Commenting today on the Health Secretary, Alan Johnson's, announcement that a government taskforce will investigate the issue of presumed consent for organ donation1, Dr Vivienne Nathanson, Head of BMA Ethics and Science, said:

"The BMA has been campaigning for a review of organ donation for many years so today's announcement is very good news indeed. We believe that when the taskforce looks at this issue in detail they will agree with us that a system of presumed consent with safeguards, will help to increase the number of donors available. At least one person dies every day while waiting for an organ transplant and we desperately need to change this.

"Before any changes go ahead however, it is essential that a public information campaign is launched so that people are completely aware of the choices they can make about organ donation. It is important that everyone realises that they will not be compelled to donate their organs but simply make their feelings known if they do not want to donate."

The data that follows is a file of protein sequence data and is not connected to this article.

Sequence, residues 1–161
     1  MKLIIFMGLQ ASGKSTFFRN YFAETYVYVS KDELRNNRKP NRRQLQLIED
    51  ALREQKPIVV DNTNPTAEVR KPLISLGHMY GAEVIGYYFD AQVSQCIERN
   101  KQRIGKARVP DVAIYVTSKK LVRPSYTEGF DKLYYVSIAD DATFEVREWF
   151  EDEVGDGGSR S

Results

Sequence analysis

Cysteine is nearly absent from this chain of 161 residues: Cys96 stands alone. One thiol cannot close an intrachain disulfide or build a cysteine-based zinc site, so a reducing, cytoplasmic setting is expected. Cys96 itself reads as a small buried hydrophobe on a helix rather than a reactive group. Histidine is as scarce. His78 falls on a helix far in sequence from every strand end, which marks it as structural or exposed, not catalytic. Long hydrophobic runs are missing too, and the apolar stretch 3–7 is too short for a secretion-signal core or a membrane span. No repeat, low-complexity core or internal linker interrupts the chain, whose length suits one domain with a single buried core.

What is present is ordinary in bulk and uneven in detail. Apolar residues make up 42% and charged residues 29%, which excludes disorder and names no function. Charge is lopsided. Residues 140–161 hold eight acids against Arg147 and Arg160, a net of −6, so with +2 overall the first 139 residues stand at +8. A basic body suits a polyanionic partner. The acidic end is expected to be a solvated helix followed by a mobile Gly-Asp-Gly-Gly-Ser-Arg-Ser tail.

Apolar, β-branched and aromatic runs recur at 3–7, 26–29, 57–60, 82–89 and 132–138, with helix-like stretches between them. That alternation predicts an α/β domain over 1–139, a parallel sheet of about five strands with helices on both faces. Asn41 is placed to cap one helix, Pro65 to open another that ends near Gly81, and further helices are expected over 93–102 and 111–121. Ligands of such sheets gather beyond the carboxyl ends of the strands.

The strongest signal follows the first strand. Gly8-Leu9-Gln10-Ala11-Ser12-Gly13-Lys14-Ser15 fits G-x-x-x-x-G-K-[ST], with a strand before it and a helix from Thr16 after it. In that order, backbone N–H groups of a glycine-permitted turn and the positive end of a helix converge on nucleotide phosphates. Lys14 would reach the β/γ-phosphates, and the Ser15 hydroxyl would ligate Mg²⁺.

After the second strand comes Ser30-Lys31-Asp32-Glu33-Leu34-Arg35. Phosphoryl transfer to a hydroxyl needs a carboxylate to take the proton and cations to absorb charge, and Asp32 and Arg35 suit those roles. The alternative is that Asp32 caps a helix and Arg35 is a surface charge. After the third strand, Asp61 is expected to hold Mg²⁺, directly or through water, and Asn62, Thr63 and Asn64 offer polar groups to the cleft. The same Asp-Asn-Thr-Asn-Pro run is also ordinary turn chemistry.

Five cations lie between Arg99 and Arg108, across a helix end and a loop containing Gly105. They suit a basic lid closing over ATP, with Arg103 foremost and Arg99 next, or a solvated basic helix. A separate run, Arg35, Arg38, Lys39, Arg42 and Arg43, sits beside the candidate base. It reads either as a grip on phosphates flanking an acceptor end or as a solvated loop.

The BMA believes that moving to a system of presumed consent, where it is assumed that people are willing to donate their organs after death unless they opt out, combined with other reforms to the transplant infrastructure, would play an important part in improving the organ donation system so that more lives can be saved.

1 The BMA supports a system of presumed consent with safeguards such as consulting the family to check for any known but unregistered objection. We also believe that there should be discretion not to proceed if it becomes evident that to do so would cause severe distress to the relatives.

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